Food Protein-Induced Enterocolitis Syndrome

From Practice to Theory

Stefano Miceli Sopo; Monica Greco; Serena Monaco; Salvatore Tripodi; Mauro Calvani


Expert Rev Clin Immunol. 2013;9(8):707-715. 

In This Article

Victor's Story: Second Episode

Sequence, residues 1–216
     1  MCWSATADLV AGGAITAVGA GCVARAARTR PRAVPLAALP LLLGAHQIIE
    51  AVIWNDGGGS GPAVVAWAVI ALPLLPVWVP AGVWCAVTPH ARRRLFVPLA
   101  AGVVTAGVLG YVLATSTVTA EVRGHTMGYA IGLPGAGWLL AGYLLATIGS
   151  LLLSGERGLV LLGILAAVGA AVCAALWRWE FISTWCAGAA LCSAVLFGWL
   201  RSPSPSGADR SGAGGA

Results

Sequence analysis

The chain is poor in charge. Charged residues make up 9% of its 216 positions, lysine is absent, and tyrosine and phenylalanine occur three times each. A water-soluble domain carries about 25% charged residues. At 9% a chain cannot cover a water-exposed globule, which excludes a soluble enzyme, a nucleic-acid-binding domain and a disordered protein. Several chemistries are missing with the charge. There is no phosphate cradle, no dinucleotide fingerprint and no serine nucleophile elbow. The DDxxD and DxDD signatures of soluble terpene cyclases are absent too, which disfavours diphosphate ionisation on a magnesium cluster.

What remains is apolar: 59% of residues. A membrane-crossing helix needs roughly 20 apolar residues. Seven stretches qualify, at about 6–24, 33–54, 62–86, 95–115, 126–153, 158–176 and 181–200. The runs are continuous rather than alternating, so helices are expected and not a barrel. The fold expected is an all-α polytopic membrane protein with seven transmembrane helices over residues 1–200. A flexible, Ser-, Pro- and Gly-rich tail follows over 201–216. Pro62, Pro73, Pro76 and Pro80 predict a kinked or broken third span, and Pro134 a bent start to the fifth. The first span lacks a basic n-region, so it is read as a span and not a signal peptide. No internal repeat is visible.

Victor is part of the abovementioned 2% patients suffering from multiple FPIES in our casistic; his story was not ended. When he was six months old he ate corn at home and at the second administration he showed his fourth FPIES episode. After a time, an OFC was performed in DH with lentils, potato and semolina wheat and Victor presented his fifth episode caused by wheat. At home, his mother gave him chickpeas and Victor had his sixth adverse reaction. In summary, if we had followed Sicherer's suggestions[17] this baby would not have shown three of his six FPIES episodes. However, as we have already said, the probability of encountering a child affected by multiple FPIES is quite low and considering our 55 clinical cases, Victor is the only one. So, we struck a compromise that somehow takes into account the suggestion of Sicherer.[17] In fact, we suggest patients perform a DH OFC with a mix of cereals, legumes and poultry, since the probability that the child tolerates such foods is very high. In this way we avoid an enlarged diet in children who actually do not need it. This was, for example, the advice given to Bridget. We did not propose the same management to Ernst as, when he came to our attention, he had already eaten these foodstuffs without any problem. Moreover, especially for CM FPIES, in case of lack of breast-milk, there was a strong recommendation to give an extensively hydrolyzed casein formula instead of cow milk and to avoid soy milk ingestion. Nowadays, this prescription is declining and this is mainly due to the publication by Katz et al.,[4] which reported that the majority of 43 children suffering from CM FPIES tolerated soy milk. In conclusion, it is certain that the culprit food has to be excluded from patient's diet until he spontaneously reaches tolerance, but it is not certain that further dietary restrictions are needed. So, in an attempt to improve the quality of life of the child with FPIES, we perform OFCs with a mixture of other foods hypothetically involved, without deleting them from the diet prejudicially. In the case of fish FPIES, we suggest OFCs with other types of fish, while in case of CM or hen's egg FPIES we propose challenges with the baked food. Of course, ours is a working hypothesis and studies are in progress to demonstrate its validity.